Nests built in the open are large and untidy domed structures, built of dry grass, twigs, and other plant materials. Any leaves or thorns present in a tree may be worked into the nest. In cavity nests, the hole is filled with a shapeless mass of grass with a cup of soft material containing the eggs on the inside. When the disused domed nests of weavers are used, they are given a soft lining. The nest entrance is on the side, and is sometimes extended into a short funnel. The male and the female construct the nest together, keeping close when finding material and weaving it together. The inside linings of Cape sparrow nests can incorporate large portions of aromatic leaves such as wolbossie (Helichrysum pumilio), thyme (Thymus vulgaris), and camphor (Cinnamomum). This consistent use of aromatics suggests that they have some purpose such as protection against parasites.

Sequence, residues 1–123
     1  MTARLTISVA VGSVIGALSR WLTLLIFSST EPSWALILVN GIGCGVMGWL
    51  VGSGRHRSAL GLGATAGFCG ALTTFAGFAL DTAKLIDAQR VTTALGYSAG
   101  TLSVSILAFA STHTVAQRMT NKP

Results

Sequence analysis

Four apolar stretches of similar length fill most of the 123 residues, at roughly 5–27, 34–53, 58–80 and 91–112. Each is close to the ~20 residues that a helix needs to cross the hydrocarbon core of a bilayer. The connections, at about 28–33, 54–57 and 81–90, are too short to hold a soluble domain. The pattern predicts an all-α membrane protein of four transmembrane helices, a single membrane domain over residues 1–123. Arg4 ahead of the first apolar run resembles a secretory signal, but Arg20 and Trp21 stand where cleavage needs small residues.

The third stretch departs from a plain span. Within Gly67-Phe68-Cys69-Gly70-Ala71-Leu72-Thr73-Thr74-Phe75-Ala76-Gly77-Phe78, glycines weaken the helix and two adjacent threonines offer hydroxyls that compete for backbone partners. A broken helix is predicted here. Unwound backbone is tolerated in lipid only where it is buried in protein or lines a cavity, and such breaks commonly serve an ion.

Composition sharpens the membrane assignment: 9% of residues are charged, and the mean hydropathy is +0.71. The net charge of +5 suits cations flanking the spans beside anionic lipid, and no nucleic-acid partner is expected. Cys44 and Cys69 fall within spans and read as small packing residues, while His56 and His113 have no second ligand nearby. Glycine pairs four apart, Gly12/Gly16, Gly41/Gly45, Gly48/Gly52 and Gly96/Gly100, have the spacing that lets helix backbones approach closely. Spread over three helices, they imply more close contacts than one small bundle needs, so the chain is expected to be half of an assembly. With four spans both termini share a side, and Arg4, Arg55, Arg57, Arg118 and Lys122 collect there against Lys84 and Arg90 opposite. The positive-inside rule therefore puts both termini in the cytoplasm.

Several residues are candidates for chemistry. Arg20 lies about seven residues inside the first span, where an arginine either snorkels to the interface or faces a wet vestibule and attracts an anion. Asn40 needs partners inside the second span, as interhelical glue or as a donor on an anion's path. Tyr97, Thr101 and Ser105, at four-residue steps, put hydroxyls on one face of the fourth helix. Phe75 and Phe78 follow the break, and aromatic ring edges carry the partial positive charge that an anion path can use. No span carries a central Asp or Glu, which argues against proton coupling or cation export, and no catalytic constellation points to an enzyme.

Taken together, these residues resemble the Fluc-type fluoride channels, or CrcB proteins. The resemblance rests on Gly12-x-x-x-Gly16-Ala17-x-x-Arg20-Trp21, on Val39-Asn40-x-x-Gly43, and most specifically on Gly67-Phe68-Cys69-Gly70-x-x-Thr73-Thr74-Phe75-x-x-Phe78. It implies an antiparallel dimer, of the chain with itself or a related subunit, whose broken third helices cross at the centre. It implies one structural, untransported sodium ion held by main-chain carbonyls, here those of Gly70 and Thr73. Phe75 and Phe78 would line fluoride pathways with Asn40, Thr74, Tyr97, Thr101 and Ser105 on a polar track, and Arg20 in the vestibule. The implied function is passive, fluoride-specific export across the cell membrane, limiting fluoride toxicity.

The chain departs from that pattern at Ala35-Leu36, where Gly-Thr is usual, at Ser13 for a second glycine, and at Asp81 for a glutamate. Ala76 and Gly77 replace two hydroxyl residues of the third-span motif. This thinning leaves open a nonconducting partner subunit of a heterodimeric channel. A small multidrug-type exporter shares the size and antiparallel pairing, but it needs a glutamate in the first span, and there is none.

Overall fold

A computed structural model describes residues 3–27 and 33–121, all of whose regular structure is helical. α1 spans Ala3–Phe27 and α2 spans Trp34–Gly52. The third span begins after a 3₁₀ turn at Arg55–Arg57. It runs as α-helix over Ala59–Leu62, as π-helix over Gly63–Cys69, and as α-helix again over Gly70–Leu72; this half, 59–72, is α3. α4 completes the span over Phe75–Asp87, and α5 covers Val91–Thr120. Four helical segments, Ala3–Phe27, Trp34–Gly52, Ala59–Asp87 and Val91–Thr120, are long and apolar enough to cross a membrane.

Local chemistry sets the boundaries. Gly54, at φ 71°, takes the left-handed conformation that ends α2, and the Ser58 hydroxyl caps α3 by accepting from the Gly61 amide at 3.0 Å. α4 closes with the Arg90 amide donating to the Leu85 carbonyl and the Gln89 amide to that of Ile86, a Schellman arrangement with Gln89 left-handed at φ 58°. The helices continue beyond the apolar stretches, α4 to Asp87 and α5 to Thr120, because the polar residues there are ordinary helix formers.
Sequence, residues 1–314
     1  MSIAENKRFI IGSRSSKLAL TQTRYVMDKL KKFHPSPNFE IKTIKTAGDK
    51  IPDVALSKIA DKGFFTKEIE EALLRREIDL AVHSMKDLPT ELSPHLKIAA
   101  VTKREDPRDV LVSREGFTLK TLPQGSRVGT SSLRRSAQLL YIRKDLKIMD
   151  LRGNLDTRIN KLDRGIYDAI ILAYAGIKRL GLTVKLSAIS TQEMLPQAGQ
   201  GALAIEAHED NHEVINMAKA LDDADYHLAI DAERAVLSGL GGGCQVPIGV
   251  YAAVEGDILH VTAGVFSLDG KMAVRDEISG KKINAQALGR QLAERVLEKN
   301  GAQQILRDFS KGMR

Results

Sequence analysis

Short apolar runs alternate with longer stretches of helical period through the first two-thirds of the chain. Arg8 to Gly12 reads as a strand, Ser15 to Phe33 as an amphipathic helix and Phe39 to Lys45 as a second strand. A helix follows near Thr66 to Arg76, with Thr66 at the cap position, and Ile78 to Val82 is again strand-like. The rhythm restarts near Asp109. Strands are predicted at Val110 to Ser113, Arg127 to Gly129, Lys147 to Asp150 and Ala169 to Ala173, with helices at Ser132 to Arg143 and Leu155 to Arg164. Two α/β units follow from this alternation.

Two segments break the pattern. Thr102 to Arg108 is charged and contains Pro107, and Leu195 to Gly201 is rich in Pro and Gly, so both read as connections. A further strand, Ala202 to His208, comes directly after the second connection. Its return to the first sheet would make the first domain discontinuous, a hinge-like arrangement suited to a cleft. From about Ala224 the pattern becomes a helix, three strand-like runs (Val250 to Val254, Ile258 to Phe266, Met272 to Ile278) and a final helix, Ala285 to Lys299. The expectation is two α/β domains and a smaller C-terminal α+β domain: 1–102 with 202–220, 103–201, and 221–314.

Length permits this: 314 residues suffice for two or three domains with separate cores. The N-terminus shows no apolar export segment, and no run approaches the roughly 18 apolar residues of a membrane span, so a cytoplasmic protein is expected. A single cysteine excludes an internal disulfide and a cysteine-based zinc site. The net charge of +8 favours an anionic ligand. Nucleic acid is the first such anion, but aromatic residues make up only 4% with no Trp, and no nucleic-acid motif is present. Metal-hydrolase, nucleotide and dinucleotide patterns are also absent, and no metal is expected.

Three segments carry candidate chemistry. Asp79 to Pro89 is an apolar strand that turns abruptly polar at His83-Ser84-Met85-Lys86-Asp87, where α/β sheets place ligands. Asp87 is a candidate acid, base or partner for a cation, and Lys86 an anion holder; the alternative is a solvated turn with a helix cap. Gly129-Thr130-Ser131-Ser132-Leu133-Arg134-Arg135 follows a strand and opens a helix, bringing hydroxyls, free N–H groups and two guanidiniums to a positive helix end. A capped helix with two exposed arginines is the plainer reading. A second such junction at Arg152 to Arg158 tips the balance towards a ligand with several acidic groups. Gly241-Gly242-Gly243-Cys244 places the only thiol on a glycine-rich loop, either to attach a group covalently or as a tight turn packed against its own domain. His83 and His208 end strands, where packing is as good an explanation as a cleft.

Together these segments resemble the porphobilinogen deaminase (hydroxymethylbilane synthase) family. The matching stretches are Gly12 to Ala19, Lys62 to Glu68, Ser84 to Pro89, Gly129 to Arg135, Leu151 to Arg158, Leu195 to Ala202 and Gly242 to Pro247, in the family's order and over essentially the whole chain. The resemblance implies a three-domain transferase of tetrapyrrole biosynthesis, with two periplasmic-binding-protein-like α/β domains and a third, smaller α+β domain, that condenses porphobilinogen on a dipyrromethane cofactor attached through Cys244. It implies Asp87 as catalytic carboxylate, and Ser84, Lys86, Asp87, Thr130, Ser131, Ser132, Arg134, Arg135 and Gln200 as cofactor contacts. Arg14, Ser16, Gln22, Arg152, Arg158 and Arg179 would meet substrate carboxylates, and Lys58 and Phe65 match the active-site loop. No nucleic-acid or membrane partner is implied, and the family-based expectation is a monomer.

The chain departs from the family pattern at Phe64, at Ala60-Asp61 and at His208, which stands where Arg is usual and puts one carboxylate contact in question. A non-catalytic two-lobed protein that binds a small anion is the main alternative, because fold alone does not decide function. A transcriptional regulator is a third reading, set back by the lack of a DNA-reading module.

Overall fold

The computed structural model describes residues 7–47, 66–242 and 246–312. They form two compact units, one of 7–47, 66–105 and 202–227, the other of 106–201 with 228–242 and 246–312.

Clutches contain between two and six eggs, typically three or four. Variation in clutch size depends on the amount of food available for young birds. Presumably owing to the greater availability of food, clutches are larger during the peak of the breeding season, and in more southern latitudes of the Cape sparrow's range. Both birds of a pair incubate the eggs during the day, switching every ten or fifteen minutes. At night, only the female incubates the eggs, while the male roosts outside or in the nest. In pairs breeding outside of colonies, birds leave the nest to make room for their mates upon hearing their mates approaching. Among colonial pairs, the incubating bird waits until its partner arrives in the nest, to prevent other birds from entering the nest. Incubation seems to begin before the clutch is complete, and lasts 12–24 days.